Left: Peter as he looked in the early '70s (Photo courtesy of the Lyn Paul website)

Peter Doyle (28 July 1949 - 13 October 2001) was a naturally gifted performer who started out in music when he was a child. By the age of nine he was already appearing on the Melbourne television talent show Swallow's Juniors. At fourteen, he was performing in Sunday afternoon pop shows at Melbourne's Festival Hall and by sixteen he'd scored a solo record deal with Ivan Dayman's Sunshine label (which included Normie Rowe) and  became a regular on Melbourne's The Go!! Show

Between 1965 and 1967 Peter (backed by veteran Melbourne band The Phantoms) Peter released eight solo singles, six for the Sunshine label and two more for Astor. His first two singles were Top 20 hits: his debut single, a cover of Conway Twitty's "Speechless (The Pick Up)" peaked at #14 (May '65) and the follow-up, "Stupidity", peaked at #11 (July). His cover of the Small Faces' "What'cha Gonna Do About It" only got to #35 (Nov. ’65), but a version of The Platters' classic "The Great Pretender " fared better, reaching # 22 in Jan. 1966, although this proved to be his last charting solo single in Australia. His last two Sunshine singles were "Something You Got Baby" in May, and "Mr Good Time" in November 1966.

In 1967, following the collapse of the Sunshien label, Peter switched to the Astor label and issued two singles "You Can't Put That in a Bottle" (April) and Neil Sedaka's "Plastic Dreams and Toy Balloons" (June). His backing band during this time was Grandma's Tonic, a group formed by ex-members of Tony Worsley's backing band The Fabulous Blue Jays) and who also later backed Normie Rowe, Jahnny Farnham and others.

In May 1968, with his solo career waning, Peter peroxided his hair and joined the Walker Brothers-styled vocal trio The Virgil Brothers, taking over from original recruit Mick Hadley (ex Purple Hearts) who was uncomfortable with the commercial orientation of the new group and left after only a few rehearsals. The other members were both formerly part of the original incarnation of The Wild Cherries singer/guitarists Rob Lovett (The Loved Ones) and Malcolm McGee (Python Lee Jackson). The Virgil Brothers released two singles in Australia in 1968, "Temptation's 'Bout to Get Me", which was a Top 5 hit), "Here I Am" and "When You Walk Away". McGee left in 1969, just after the trio had relocated to the UK, and he was replaced by Danny Robinson, vocalist extraordinaire and ex-frontman of the highly regarded “Mark II” version of The Wild Cherries with Lobby Loyde. They cut their third single with David McKay before Peter also quit and the trio dissolved.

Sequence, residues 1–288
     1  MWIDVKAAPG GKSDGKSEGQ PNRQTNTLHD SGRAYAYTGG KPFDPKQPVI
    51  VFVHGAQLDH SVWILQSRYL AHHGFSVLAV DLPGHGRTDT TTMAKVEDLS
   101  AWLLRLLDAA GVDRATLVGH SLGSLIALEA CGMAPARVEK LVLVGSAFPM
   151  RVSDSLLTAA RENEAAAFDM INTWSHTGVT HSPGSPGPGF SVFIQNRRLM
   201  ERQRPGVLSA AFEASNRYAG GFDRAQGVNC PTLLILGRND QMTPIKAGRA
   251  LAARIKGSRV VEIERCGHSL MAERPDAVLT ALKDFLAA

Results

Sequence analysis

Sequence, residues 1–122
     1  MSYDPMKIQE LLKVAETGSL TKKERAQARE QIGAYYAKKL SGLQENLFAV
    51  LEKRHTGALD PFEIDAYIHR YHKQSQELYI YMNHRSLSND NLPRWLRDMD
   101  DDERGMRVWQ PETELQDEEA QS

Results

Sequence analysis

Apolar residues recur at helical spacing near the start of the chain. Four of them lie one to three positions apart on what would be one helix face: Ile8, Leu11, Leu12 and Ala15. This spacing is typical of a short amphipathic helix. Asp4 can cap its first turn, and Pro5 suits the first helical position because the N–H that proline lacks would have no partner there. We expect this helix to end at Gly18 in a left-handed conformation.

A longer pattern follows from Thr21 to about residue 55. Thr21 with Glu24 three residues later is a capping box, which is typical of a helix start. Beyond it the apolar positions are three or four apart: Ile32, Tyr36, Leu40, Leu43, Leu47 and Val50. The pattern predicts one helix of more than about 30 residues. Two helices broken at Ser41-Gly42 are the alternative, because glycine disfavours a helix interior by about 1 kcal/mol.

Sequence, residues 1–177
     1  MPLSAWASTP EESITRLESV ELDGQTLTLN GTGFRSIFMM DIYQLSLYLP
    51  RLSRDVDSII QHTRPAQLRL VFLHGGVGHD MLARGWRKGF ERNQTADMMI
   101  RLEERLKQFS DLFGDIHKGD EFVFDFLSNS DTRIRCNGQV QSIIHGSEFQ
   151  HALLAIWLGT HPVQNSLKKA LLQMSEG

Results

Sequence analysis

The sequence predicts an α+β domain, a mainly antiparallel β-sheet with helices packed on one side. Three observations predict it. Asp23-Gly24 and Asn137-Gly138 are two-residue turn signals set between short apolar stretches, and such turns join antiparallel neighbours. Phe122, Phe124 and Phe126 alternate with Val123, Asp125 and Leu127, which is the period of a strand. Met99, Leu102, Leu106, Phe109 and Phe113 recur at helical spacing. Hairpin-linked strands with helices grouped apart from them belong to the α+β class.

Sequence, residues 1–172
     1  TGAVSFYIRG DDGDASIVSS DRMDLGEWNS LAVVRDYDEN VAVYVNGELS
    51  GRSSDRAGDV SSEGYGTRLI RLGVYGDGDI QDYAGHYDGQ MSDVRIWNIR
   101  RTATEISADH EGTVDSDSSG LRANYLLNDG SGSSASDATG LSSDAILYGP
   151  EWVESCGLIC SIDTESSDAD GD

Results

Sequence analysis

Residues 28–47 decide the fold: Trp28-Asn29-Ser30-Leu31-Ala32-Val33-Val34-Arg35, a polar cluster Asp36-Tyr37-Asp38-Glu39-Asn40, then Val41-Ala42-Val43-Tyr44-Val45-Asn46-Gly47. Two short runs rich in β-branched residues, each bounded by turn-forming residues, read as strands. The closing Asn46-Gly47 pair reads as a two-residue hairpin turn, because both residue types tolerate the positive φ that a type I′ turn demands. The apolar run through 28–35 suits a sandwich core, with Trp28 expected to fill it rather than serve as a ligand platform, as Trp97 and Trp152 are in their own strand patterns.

Shortly after the Virgil Bros split in 1970 Peter joined Lyn Paul and Paul Layton in the second lineup of The New Seekers, replacing founding members Sally Graham, Chris Barrington and Laurie Heath. The clean-cut pop harmony group had been put together by former Seeker Keith Potger who had retreated into the less public role of manager after initially performing with them.